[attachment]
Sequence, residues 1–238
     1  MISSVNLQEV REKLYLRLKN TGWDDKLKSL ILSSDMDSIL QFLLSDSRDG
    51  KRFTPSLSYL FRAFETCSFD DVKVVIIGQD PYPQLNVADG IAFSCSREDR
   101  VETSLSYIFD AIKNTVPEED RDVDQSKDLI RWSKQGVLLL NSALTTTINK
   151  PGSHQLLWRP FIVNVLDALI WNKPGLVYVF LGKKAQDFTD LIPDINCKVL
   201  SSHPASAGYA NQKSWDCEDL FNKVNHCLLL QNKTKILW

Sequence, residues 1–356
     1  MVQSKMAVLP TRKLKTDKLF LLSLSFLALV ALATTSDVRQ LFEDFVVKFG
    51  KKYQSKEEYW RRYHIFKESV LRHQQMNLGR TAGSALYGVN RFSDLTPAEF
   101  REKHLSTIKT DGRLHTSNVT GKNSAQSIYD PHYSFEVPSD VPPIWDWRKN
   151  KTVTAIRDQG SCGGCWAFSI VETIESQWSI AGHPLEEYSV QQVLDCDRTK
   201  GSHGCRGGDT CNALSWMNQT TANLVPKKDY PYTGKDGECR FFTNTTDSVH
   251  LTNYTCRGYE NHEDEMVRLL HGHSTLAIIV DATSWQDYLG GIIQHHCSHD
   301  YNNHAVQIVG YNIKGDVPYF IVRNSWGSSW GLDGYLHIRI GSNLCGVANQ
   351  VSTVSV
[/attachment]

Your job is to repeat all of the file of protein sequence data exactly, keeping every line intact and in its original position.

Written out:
Sequence, residues 1–238
     1  MISSVNLQEV REKLYLRLKN TGWDDKLKSL ILSSDMDSIL QFLLSDSRDG
    51  KRFTPSLSYL FRAFETCSFD DVKVVIIGQD PYPQLNVADG IAFSCSREDR
   101  VETSLSYIFD AIKNTVPEED RDVDQSKDLI RWSKQGVLLL NSALTTTINK
   151  PGSHQLLWRP FIVNVLDALI WNKPGLVYVF LGKKAQDFTD LIPDINCKVL
   201  SSHPASAGYA NQKSWDCEDL FNKVNHCLLL QNKTKILW

Sequence, residues 1–356
     1  MVQSKMAVLP TRKLKTDKLF LLSLSFLALV ALATTSDVRQ LFEDFVVKFG
    51  KKYQSKEEYW RRYHIFKESV LRHQQMNLGR TAGSALYGVN RFSDLTPAEF
   101  REKHLSTIKT DGRLHTSNVT GKNSAQSIYD PHYSFEVPSD VPPIWDWRKN
   151  KTVTAIRDQG SCGGCWAFSI VETIESQWSI AGHPLEEYSV QQVLDCDRTK
   201  GSHGCRGGDT CNALSWMNQT TANLVPKKDY PYTGKDGECR FFTNTTDSVH
   251  LTNYTCRGYE NHEDEMVRLL HGHSTLAIIV DATSWQDYLG GIIQHHCSHD
   301  YNNHAVQIVG YNIKGDVPYF IVRNSWGSSW GLDGYLHIRI GSNLCGVANQ
   351  VSTVSV